Ten-year experience with staged management of pectus carinatum: Results and lessons learned.

J Pediatr Surg 2021 Jan 27. Epub 2021 Jan 27.

Children's Hospital of The King's Daughters, 601 Children's Lane, Norfolk, VA, 23507, USA; Departments of Surgery and Pediatrics, Eastern Virginia Medical School.

Introduction: We report pectus carinatum management over a 10+year period.

Methods: Staged management, with initial bracing and operation for failure or special circumstances, was employed. A newer brace and a minimally invasive operation for PC (the Abramson procedure) were introduced during the study period.

Results: Of 695 consenting patients from 2008 to 2018, 265 (38%) were observed. Of 430 treated, 339 (79%) had bracing only; 65 (15%) underwent surgery without a trial of bracing, while 26(5%) underwent surgery after a failed attempt at bracing. Of 364 bracing patients, 144 (40%) were successful, 77 (21%) are ongoing, 25 (7%) failed, and 118 (32%) dropped out. Recurrence was noted in 17 (5%), an average 5.4 months later. Two (0.4%) overcorrected to pectus excavatum (PE). Successful patients experienced a 50% decrease in pressure of correction (POC) beginning one month after starting treatment. Brace failure patients did not. Reported compliance with brace utilization (hours/day) was similar. Surgery was required in 91 patients. Open operations were performed in 61 (67%), Abramson operations in 23 (25%), and Nuss procedure in 7 (8%) who developed excavatum over correction following bracing or who had mixed deformity, with excavatum one side of the sternum and carinatum on the other. Twenty-four (36%) of the surgeries for PC occurred after an attempt at bracing. All obtained good initial results by operation. No recurrence was noted after open operation and 3 (13%) after Abramson. Open complications included 1 (2%) infection. Abramson's operation required 11 (48%) revisions, 6 (26%) early bar removals, and had 3 (13%) infections.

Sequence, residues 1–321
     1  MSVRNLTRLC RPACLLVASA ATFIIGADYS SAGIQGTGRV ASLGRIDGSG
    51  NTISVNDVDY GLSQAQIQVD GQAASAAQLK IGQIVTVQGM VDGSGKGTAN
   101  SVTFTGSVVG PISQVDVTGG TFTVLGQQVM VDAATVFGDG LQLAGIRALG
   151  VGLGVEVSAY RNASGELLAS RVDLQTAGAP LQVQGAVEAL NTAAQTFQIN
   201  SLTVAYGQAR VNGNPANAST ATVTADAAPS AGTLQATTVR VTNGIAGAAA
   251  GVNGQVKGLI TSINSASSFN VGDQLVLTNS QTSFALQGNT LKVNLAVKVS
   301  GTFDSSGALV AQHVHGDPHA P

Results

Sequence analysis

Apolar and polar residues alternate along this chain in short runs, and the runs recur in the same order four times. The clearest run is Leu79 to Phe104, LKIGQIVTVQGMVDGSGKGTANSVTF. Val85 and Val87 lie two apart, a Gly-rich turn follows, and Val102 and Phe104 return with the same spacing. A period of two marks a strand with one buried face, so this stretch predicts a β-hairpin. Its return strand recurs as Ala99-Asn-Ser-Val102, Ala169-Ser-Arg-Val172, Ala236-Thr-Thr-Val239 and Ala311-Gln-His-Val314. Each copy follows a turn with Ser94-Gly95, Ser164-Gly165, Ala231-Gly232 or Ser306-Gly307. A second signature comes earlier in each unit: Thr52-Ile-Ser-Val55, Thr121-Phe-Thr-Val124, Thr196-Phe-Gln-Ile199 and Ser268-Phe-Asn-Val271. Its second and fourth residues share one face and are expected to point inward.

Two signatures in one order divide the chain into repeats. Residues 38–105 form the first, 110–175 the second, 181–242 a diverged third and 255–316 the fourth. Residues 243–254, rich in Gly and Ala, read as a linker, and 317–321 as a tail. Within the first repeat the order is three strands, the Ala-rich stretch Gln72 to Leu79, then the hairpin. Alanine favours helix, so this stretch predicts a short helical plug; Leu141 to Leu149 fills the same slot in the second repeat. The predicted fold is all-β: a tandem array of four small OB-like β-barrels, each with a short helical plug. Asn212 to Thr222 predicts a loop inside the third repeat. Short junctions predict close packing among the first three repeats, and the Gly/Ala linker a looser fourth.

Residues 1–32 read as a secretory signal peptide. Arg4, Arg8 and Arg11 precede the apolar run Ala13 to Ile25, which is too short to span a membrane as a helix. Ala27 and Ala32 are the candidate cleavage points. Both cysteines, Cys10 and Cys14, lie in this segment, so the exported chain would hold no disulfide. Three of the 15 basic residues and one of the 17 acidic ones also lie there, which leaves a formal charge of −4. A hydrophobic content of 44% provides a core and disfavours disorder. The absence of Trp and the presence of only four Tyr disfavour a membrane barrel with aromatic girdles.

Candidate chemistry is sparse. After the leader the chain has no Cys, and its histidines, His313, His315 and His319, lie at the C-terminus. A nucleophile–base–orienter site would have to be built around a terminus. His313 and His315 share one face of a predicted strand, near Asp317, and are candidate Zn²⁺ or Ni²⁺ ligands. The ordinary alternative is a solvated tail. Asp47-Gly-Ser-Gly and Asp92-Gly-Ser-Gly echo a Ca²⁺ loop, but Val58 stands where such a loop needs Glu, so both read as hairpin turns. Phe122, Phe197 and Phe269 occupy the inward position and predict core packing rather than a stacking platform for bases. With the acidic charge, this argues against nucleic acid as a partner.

Conclusion: Brace treatment for PC can be guided by pressure of correction, which fell by more than half in successfully treated patients. POC did not fall in patients who failed. If POC does not fall, surgery should be considered. Open repair of Pectus Carinatum is generally successful, while the Abramson operation has a significant rate of complications with the implants currently available in the U.S.

Levels Of Evidence: Level III - Retrospective comparative study.
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http://dx.doi.org/10.1016/j.jpedsurg.2021.01.027DOI Listing
January 2021

The 2020 "WHO Technical Specifications for Automated Non-Invasive Blood Pressure Measuring Devices With Cuff".

Hypertension 2021 Mar 1;77(3):806-812. Epub 2021 Feb 1.

Biomedical Engineer, Independent Senior Consultant, Veracrus, México (L.P.L.M.).

High systolic blood pressure (BP) is the single leading modifiable risk factor for death worldwide. Accurate BP measurement is the cornerstone for screening, diagnosis, and management of hypertension. Inaccurate BP measurement is a leading patient safety challenge. A recent World Health Organization report has outlined the technical specifications for automated noninvasive clinical BP measurement with cuff. The report is applicable to ambulatory, home, and office devices used for clinical purposes. The report recommends that for routine clinical purposes, (1) automated devices be used, (2) an upper arm cuff be used, and (3) that only automated devices that have passed accepted international accuracy standards (eg, the International Organization for Standardization 81060-2; 2018 protocol) be used. Accurate measurement also depends on standardized patient preparation and measurement technique and a quiet, comfortable setting. The World Health Organization report provides steps for governments, manufacturers, health care providers, and their organizations that need to be taken to implement the report recommendations and to ensure accurate BP measurement for clinical purposes. Although, health and scientific organizations have had similar recommendations for many years, the World Health Organization as the leading governmental health organization globally provides a potentially synergistic nongovernment government opportunity to enhance the accuracy of clinical BP assessment.
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http://dx.doi.org/10.1161/HYPERTENSIONAHA.120.16625DOI Listing
http://www.ncbi.nlm.nih.gov/pmc/articles/PMC7884242PMC
March 2021

Rind from Purple Mangosteen () Attenuates Diet-Induced Physiological and Metabolic Changes in Obese Rats.

Nutrients 2021 Jan 22;13(2). Epub 2021 Jan 22.

Functional Foods Research Group, University of Southern Queensland, Toowoomba, QLD 4350, Australia.